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Our waist size tells a story

Published:Wednesday | March 17, 2010 | 12:00 AM

Waist size can say that we are attractive, overweight, obese or in poor health. There is a positive relationship between excess fat around the waist and the development of cardiovascular problems.

The size of the waist is indicative of how some of us store fat and this fat storage can increase the risk for the development of lifestyle diseases. Those of us with excess abdominal fat are at higher risk than people who store fat in their hips and thighs for heart disease, hypertension, type two diabetes and stroke.

Waist-to-hip ratio

Due to the higher risk for disease in individuals with a tendency to store fat in their abdo-minal area, a waist-to-hip ratio is used to estimate health-risk factors. The measurement of the waist should be taken at the point of smallest circumference between the rib cage and the hip bone. The hip measurement is taken at the point of greatest circumference.

A waist measurement cut-off point of about 35 inches for women and 40 inches in men, irrespective of their weight, is used as a guide. The waist measurement is then divided by the hip measurement. A result hat is less than one is desirable.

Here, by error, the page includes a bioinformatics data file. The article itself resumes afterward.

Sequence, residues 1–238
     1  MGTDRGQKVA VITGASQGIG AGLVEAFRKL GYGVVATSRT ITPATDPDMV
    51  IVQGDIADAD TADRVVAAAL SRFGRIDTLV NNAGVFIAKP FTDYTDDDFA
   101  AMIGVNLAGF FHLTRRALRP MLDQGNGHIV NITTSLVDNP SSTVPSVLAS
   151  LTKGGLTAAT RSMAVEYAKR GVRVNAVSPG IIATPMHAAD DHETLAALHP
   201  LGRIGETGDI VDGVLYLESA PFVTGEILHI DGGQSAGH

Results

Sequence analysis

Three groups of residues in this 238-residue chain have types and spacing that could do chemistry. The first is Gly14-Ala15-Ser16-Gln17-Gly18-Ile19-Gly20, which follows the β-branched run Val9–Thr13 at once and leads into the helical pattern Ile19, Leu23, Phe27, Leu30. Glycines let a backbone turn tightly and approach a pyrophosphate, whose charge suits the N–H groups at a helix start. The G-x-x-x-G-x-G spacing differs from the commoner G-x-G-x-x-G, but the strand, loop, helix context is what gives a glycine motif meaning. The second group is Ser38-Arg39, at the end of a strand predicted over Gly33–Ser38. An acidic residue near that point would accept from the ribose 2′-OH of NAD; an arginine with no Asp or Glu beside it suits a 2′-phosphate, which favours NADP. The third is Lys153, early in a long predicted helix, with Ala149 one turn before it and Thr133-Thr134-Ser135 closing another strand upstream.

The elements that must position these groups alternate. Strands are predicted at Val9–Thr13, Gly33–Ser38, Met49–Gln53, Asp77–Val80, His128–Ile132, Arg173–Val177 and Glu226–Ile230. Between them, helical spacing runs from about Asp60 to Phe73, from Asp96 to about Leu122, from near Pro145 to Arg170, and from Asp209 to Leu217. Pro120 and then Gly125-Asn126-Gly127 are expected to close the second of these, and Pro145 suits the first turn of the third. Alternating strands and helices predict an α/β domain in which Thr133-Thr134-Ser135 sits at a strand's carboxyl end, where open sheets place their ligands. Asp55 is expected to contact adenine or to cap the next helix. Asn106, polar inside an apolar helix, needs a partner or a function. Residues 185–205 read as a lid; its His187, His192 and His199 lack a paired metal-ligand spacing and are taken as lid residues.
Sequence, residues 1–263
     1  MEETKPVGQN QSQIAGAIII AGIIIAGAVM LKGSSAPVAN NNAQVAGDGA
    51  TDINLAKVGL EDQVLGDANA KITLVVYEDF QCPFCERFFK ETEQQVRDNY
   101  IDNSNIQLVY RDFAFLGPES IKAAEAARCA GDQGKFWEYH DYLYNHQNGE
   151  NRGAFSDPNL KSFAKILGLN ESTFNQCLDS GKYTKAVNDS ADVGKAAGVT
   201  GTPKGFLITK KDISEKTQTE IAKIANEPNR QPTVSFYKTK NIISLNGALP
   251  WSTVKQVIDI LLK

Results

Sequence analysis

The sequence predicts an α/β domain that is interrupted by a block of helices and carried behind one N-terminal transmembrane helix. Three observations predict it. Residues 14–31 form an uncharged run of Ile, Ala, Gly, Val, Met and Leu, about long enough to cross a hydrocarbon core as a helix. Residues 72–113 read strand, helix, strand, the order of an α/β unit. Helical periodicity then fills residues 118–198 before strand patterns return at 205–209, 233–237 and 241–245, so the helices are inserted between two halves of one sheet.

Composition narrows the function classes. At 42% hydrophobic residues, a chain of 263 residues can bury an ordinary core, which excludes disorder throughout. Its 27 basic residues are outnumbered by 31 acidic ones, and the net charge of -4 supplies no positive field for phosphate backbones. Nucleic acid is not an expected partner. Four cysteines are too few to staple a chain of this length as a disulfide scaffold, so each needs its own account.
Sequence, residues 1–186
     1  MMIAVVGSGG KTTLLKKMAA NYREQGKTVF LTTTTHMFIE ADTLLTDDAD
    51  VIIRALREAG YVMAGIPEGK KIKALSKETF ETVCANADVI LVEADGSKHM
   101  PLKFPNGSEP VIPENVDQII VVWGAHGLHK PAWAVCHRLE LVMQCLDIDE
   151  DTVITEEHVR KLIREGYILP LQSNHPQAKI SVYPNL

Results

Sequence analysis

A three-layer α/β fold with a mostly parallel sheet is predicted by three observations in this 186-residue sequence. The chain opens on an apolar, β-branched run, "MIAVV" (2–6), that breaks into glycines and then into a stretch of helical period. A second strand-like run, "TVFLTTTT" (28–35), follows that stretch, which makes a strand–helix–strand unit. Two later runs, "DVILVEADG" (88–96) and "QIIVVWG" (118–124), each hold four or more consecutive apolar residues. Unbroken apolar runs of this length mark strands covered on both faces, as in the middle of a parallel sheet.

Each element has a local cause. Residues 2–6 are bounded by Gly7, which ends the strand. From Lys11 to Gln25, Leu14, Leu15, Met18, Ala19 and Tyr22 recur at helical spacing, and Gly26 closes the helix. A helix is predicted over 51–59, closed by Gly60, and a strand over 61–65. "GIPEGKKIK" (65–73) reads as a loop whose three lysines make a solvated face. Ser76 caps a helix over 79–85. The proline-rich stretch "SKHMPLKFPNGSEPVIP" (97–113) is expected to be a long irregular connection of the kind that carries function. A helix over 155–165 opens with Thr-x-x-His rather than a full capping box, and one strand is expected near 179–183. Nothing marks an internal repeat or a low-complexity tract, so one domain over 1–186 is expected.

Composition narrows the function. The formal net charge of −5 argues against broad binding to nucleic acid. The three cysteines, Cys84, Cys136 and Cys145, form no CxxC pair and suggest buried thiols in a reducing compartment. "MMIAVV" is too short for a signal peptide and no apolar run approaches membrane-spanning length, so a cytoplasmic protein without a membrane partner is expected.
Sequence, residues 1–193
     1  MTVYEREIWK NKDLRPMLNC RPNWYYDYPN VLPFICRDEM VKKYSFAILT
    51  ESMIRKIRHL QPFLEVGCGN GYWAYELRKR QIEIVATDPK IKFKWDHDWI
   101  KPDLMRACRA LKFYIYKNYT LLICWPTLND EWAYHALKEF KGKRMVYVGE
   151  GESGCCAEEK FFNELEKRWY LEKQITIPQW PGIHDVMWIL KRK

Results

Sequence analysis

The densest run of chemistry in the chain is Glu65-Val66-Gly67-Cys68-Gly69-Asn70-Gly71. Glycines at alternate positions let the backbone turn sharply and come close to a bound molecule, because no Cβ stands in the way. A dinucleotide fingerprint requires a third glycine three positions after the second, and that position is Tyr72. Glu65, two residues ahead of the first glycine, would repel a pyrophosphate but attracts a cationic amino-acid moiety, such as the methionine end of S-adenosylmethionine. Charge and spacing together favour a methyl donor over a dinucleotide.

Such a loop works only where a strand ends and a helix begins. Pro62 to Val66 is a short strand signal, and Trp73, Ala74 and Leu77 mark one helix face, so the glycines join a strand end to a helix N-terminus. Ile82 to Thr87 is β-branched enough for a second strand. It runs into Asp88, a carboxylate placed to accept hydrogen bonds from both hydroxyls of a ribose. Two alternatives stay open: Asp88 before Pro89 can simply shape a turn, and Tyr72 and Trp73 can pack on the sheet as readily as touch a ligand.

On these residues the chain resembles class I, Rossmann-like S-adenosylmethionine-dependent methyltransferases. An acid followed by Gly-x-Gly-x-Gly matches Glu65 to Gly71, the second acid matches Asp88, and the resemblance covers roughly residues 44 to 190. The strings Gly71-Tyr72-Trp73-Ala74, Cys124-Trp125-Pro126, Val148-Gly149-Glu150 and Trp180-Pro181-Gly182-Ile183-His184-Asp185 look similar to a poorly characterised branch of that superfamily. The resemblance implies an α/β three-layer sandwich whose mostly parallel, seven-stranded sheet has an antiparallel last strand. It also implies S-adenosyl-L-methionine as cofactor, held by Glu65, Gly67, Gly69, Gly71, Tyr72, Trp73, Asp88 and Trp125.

What's your number?

Health risk increases when the waist-to-hip ratio exceeds 0.95 in men and 0.8 in women. Measurements beyond these numbers are unhealthy and indicative of excess fat surrounding our internal organs and of increased health risk and should trigger efforts to lose the excess weight.

Many of us perform abdominal exercises hoping to burn fat, reduce our waistline and develop well-defined abdominal muscles.

Some of us have well-developed abdominal muscles as well as a high level of fat and so our abdominal muscles are not easily seen. However, a reduction in our weight, by losing fat, is the best way to control our waistline and expose the muscles under the fat. The muscles in the abdomen become more visible in most men whose body fat is at the 10 per cent mark and in women at the 14 per cent mark.

A six-pack profile

The key to profiling our six-pack is to lowering our body fat overall. This can be done quite successfully by burning more calories than we consume. We can burn calories through cardiovascular exercises such as jogging, running and cycling. Having reduced our weight and the fat around the abdomen, abdominal exercises can then be performed to improve the profile and tone the muscles to develop a more desirable waistline.

The following exercises will do our abdominal muscles a world of good - basic crunch, reverse crunch, side bends with weights, oblique crunch, cross-over crunch, bicycle manoeuvre and exercise ball crunch.

Dr Kenneth Gardner is an exercise physiologist at Holiday Hills Research Center; email: